Sandy Skoglund, Fresh Hybrid, 2008, Archival Pigment Photograph
ORIGINALLY PUBLISHED AT HOLDEN LUNTZ GALLERY, ON July 1, 2014. READ THE ORIGINAL ARTICLE HERE.
Tasini: Your work is multi-dimensional and has layers of meaning. Would you mind explaining the meaning behind a couple of pictures? Let’s take Dogs on the Beach and The Wedding, two works we have here at Holden Luntz Gallery.
Skoglund: I believe that the meaning of making art in today’s complex world is simply in actually doing it. Many people imagine things, but fewer carry them out. Other than that, there is only the meaning that can be inferred from the activity of doing the work and from the final image.
With Dogs On the Beach, I loved the strangeness of taking the dog sculptures that I had made for another work (The Green House) and putting them in another context. I was interested to see how all the dogs would affect the beach. It was also an experiment in working very quickly, since the whole project had to be carried out in one day. I took the picture in the spring season, so the weather was cool and windy.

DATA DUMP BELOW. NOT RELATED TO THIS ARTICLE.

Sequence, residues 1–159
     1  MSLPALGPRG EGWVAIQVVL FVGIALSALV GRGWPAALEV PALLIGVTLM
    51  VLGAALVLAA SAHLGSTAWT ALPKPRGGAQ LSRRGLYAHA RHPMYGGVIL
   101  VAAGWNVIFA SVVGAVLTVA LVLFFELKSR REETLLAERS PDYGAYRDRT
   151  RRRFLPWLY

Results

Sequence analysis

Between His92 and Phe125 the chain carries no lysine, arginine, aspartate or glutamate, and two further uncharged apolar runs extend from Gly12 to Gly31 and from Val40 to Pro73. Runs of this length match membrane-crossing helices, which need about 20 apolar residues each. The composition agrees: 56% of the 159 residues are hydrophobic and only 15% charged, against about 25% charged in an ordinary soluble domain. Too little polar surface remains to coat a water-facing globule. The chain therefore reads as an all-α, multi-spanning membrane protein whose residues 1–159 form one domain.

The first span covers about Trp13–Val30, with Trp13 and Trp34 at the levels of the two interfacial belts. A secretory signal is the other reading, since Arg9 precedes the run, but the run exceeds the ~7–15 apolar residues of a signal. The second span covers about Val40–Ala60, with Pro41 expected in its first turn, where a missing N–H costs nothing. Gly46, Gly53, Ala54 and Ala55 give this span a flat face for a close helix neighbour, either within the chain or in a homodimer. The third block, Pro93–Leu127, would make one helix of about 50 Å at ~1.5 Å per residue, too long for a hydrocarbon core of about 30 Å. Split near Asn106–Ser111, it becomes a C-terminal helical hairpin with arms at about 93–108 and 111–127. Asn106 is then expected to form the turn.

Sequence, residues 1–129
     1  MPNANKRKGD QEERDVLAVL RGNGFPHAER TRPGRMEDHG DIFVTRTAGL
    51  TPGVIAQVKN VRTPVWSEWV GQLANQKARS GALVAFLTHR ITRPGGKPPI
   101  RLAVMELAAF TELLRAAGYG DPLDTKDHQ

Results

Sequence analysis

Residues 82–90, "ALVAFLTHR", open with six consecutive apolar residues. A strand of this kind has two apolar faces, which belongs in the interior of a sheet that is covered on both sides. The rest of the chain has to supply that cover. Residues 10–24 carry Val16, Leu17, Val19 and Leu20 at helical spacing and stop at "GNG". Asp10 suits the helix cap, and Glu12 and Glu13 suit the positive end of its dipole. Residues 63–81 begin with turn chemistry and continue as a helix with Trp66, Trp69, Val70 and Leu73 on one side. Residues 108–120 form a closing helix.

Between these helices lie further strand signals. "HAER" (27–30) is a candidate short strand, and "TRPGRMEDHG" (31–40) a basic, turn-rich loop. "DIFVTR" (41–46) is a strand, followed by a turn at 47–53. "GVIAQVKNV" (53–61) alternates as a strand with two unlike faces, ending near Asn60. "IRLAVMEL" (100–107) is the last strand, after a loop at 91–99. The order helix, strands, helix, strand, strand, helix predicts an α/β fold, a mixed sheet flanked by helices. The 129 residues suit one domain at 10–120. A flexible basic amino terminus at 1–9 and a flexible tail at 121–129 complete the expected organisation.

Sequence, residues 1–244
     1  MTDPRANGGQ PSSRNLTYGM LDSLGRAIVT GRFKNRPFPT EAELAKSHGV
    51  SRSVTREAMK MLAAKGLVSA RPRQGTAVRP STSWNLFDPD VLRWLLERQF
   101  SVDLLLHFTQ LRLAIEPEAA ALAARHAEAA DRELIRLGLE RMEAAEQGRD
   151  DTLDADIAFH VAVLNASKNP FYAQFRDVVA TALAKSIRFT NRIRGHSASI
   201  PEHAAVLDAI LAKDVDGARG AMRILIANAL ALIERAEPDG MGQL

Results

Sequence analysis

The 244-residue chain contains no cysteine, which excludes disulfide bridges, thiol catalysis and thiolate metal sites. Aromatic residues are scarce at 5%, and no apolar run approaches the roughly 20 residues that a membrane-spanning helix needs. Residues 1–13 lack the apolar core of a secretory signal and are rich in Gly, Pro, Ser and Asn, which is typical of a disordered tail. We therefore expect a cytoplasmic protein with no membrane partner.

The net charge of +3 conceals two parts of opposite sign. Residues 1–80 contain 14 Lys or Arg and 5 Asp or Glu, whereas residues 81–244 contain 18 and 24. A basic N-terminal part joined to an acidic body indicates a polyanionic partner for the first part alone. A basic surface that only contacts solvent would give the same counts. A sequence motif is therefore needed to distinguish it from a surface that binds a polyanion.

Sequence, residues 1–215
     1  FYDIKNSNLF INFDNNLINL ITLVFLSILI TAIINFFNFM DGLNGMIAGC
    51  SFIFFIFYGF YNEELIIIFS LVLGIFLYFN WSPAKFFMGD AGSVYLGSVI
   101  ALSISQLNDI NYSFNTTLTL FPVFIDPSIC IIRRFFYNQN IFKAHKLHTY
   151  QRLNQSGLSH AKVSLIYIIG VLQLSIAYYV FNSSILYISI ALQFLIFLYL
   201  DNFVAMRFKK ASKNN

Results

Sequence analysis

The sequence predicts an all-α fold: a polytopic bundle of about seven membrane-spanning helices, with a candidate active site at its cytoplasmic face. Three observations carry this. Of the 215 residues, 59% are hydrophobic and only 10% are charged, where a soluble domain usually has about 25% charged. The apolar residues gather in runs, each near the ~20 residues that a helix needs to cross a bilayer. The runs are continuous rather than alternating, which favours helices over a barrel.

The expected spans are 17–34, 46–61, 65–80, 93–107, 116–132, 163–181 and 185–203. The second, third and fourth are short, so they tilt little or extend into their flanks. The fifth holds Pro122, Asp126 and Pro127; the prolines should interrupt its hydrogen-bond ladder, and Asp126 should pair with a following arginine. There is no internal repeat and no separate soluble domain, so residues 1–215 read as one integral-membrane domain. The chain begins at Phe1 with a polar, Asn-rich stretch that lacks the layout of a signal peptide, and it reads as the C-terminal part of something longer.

I think of The Wedding as an elaborate celebration, a hopeful commitment to a better life lived together than apart. The grey flowers are made of ceramic stoneware clay, each one by hand. In this sculptural repetition, the idea of time and labor is included in the process. This piece took about a year to create.
The grey color of the ceramic flowers makes them seem like rocks and stones that have sprung briefly to life on the fleeting landscape of love. Sticky and gooey materials like jam and marmalade cover the walls and floor. In the midst of this sticky substance, two people walk toward each other in the shadow of a wedding cake that has been painted red. The cake is like a giant sentinel, a witness to this event, this poignant human desire for everlasting permanence.